Whether you’re new to podcasting or an old pro, we can all agree that finding the right mix of podcast marketing strategies is easier said than done. Sure, you can plug your show to strangers and hope they give you a listen. But, if you want to create a community around your show, it takes a little creativity, a lot of time, and patience.
As a podcaster, the hard skills required to produce and edit your content likely come much more naturally than the soft skills required to grow your audience and market your show.
Just because you don’t have a big budget doesn’t mean you can’t market your podcast successfully. This article will help you find ways to generate new listeners and increase downloads without having to spend hundreds of dollars.
Since a lot of us don’t have a marketing budget from the get-go, we need to find alternative podcast marketing strategies for promoting our show instead of traditional advertising methods.
1. Interact with everyone
This may sound like a no brainer, but once a listener or fellow podcaster has had an interaction with you, they’re more likely to proclaim their fandom. Whether sharing your latest episode on social media or, best-case scenario, subscribing to your show, this upward spiral of word-of-mouth and web traffic will pay off in big ways for your podcast.
Start compiling an email list from day one
The standard email newsletter may feel a bit dated in the fast-moving world of social media, but if they didn’t work so well, you wouldn’t be getting hundreds of emails a day…
Use your newsletter to keep your community up to date on your latest episodes and also point them to other content they may be interested in.
- Do you have a follow-up blog post of your latest post that includes pictures or links to things you talked about? Point them there.
- Do you have some behind the scenes photos or video of recording your podcast? Show some real-life action—it increases connection with your brand.
Connect with and promote other podcasters
Podcasters are a welcoming community, especially within genres. If you’re new to this medium, find a mentor or two. People love to be asked questions about something they’re passionate about.
Is your show a one on one interview or panel discussion format? Invite other podcasters on your show. They will likely bring a portion of their listeners with them.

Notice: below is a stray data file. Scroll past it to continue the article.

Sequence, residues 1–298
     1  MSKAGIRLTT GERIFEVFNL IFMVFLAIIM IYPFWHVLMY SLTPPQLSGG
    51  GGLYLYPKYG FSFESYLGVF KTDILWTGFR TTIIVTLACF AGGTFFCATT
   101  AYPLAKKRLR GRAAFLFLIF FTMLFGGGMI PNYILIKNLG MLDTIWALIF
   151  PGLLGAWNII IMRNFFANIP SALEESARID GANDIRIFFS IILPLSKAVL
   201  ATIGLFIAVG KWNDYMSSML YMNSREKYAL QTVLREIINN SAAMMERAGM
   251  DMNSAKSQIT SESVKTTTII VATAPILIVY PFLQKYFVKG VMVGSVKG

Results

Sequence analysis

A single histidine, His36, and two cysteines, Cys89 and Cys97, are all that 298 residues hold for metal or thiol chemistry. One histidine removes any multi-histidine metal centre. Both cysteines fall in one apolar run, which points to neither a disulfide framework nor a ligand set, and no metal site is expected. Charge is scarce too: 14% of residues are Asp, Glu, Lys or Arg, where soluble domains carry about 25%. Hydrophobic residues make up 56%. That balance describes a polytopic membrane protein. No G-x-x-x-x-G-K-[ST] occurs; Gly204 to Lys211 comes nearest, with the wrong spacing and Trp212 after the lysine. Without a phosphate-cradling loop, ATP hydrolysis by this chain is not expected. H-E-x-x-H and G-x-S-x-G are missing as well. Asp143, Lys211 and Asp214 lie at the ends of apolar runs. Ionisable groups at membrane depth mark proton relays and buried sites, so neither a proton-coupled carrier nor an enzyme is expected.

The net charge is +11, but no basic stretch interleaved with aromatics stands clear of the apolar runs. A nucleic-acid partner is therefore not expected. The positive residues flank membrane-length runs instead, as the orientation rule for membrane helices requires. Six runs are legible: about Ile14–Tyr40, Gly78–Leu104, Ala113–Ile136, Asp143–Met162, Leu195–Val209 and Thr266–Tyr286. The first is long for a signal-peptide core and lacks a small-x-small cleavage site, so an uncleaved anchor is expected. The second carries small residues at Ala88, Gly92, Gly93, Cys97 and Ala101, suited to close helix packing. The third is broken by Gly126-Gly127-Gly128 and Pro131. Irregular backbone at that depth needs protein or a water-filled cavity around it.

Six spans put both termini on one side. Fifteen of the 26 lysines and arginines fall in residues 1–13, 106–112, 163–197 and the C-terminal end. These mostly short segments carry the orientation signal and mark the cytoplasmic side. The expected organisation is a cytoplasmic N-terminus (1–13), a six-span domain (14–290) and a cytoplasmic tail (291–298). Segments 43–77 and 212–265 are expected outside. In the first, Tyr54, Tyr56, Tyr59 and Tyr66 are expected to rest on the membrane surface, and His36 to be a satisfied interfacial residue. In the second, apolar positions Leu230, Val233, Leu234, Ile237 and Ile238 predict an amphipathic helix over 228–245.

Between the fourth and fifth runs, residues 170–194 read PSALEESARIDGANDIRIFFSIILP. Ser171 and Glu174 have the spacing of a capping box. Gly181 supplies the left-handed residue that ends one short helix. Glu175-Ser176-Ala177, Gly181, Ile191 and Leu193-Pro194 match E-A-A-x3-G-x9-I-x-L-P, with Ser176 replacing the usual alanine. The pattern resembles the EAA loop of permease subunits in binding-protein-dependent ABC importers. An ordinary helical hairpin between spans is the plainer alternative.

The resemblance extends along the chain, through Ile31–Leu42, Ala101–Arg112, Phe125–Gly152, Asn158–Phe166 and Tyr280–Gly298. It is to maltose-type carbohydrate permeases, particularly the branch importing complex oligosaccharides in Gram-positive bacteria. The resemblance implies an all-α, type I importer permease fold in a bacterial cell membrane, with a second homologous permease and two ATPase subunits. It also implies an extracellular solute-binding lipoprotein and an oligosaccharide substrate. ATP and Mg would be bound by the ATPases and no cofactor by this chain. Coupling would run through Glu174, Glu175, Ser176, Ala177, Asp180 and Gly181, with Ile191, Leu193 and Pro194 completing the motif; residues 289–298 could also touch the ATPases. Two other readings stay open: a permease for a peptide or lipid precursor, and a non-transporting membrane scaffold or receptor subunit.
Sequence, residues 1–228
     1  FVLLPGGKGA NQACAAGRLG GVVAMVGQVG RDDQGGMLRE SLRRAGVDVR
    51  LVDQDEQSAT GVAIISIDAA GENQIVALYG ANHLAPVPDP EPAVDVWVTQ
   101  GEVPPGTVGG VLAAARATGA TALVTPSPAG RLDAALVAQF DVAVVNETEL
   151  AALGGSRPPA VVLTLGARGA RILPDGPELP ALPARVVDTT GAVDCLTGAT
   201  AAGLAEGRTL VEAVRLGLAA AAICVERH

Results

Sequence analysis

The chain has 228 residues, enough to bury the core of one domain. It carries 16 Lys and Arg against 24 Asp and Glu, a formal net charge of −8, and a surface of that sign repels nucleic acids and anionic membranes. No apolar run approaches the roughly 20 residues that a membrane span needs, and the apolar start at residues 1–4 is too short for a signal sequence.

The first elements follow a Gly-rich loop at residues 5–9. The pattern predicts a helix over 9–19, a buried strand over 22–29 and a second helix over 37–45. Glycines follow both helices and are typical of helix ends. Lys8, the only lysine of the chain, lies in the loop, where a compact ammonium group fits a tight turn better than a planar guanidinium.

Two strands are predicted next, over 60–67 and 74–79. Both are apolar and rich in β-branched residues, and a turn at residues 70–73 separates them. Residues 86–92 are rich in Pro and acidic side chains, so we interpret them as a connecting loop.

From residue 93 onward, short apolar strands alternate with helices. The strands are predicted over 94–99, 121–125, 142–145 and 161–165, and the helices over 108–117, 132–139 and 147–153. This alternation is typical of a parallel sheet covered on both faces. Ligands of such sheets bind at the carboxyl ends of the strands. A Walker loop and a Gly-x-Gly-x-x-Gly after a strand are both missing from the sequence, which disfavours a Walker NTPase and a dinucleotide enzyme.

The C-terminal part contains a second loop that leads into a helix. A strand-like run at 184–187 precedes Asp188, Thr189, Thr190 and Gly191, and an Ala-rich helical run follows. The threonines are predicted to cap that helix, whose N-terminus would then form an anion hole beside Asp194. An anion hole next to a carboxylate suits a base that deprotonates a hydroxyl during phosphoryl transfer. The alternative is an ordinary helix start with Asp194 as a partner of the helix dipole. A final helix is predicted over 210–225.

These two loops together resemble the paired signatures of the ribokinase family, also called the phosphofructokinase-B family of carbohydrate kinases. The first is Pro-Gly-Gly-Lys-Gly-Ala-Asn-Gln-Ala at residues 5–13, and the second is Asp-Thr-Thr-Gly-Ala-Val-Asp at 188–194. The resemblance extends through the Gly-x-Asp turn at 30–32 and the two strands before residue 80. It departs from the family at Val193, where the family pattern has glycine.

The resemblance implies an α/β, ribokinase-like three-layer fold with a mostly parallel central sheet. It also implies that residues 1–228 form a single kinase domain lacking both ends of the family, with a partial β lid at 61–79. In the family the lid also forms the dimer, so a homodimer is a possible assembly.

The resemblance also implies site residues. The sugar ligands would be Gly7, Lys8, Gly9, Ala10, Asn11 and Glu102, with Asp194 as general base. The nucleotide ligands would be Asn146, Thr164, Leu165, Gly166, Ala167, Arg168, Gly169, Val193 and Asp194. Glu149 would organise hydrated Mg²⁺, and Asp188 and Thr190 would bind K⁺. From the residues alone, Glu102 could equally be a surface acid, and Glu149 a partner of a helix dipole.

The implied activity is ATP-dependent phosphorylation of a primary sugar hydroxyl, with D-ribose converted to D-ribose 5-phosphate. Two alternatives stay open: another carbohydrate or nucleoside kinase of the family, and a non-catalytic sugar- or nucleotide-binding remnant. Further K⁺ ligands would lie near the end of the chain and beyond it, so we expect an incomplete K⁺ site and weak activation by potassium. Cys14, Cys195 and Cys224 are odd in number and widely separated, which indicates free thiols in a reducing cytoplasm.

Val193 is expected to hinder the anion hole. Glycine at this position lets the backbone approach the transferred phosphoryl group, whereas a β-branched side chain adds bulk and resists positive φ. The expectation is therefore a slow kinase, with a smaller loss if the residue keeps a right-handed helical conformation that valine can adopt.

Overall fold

Trading guest appearances is a widespread strategy you’ll often see used by comedians. Here’s an example from My Momma Told Me with Langston Kerman. In this episode, Langston is joined by Laci Mosley, host of Scam Goddess, a top-rated podcast “dedicated to fraud and all those who practice it!” Langston will also appear on an upcoming episode of her show.
Engage with groups
Finding groups on social media is a great way to interact with people interested in your podcast’s topic or genre. For example, hundreds (if not thousands) of groups on Facebook are devoted to true crime.
If you have a podcast further exploring a true crime case, adding to group conversations could be a great way to build your audience. They may even help you with your research.
If you choose to try the group angle, it’s crucial to read the group’s rules first. There are likely some guidelines you’ll need to follow about what can be posted. The goal here is to join the conversation and become a part of the group rather than blatantly promote your content.
2. Don’t neglect your current active listeners
If you have a loyal fan base, make sure you’re interacting with them as much as possible as they’re one of your biggest assets. Creating a group of superfans (even if it’s small) is one of the most important podcast marketing strategies. Fostering this group goes a long way toward building an active and engaged fan base that will share your content and recommend your show again and again.
Create a show email address
Be sure to give your listeners an easy way to get in touch with you. Encourage them to interact with you least once in every episode. This will most likely an email address, but some services will allow your fans to leave a voicemail or text you without giving out your personal number.
Ideas for encouraging fan participation:
- Ask them to send a question for you or an upcoming guest with the incentive that it might get aired on the show.
- Ask them to propose an episode topic on something they’d like to hear you talk about or a guest they’d like to see on your show.